I work in a primary school, so employees can’t work from home. A member of non-teaching staff recently reported Covid-19 symptoms and has to self-isolate for two weeks – conveniently straight after half term – and I suspect she is pretending to get a fortnight off. She’s never been reliable, and I think she’s been looking to leave for some time, so it’s not out of character. Her team is small, so it’s having a big impact on others who are already stretched. She’s got an isolation note from NHS 111, but is there a more concrete way of getting proof that the sickness is genuine?
There are people currently working in very difficult circumstances, such as those in education, while others have been furloughed and are being paid to stay at home. This might seem unfair to those still hard at work, and has led to resentment between these groups of staff.
Because the symptom-reporting process relies on people telling the truth, it is easy to get paid time off if they lie. However, if she has reported symptoms, she should arrange to take a Covid-19 test, and you should instruct her to send you a copy of the result. If it is positive then obviously she must remain isolated, but if it comes back negative she should consult Test and Trace to see when she will be allowed to return to work.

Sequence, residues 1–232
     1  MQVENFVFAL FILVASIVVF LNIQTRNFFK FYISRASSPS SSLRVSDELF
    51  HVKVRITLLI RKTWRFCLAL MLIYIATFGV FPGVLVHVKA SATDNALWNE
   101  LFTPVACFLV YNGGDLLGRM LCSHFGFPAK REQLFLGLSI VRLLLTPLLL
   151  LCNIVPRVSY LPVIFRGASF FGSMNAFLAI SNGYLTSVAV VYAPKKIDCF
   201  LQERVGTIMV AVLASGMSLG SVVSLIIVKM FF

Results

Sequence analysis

I know you believe that she may not be genuinely ill, but the law places an obligation on employees to inform their employer if they have tested positive and to self-isolate. Similarly, the regulations require employers not to force staff who have been instructed to self-isolate to leave their place of isolation (normally their home). Failure to do so can result in large fines. However, if she is self-isolating, but you hear from colleagues or see on social media that she is breaching the regulations, you can investigate further and potentially instigate disciplinary proceedings.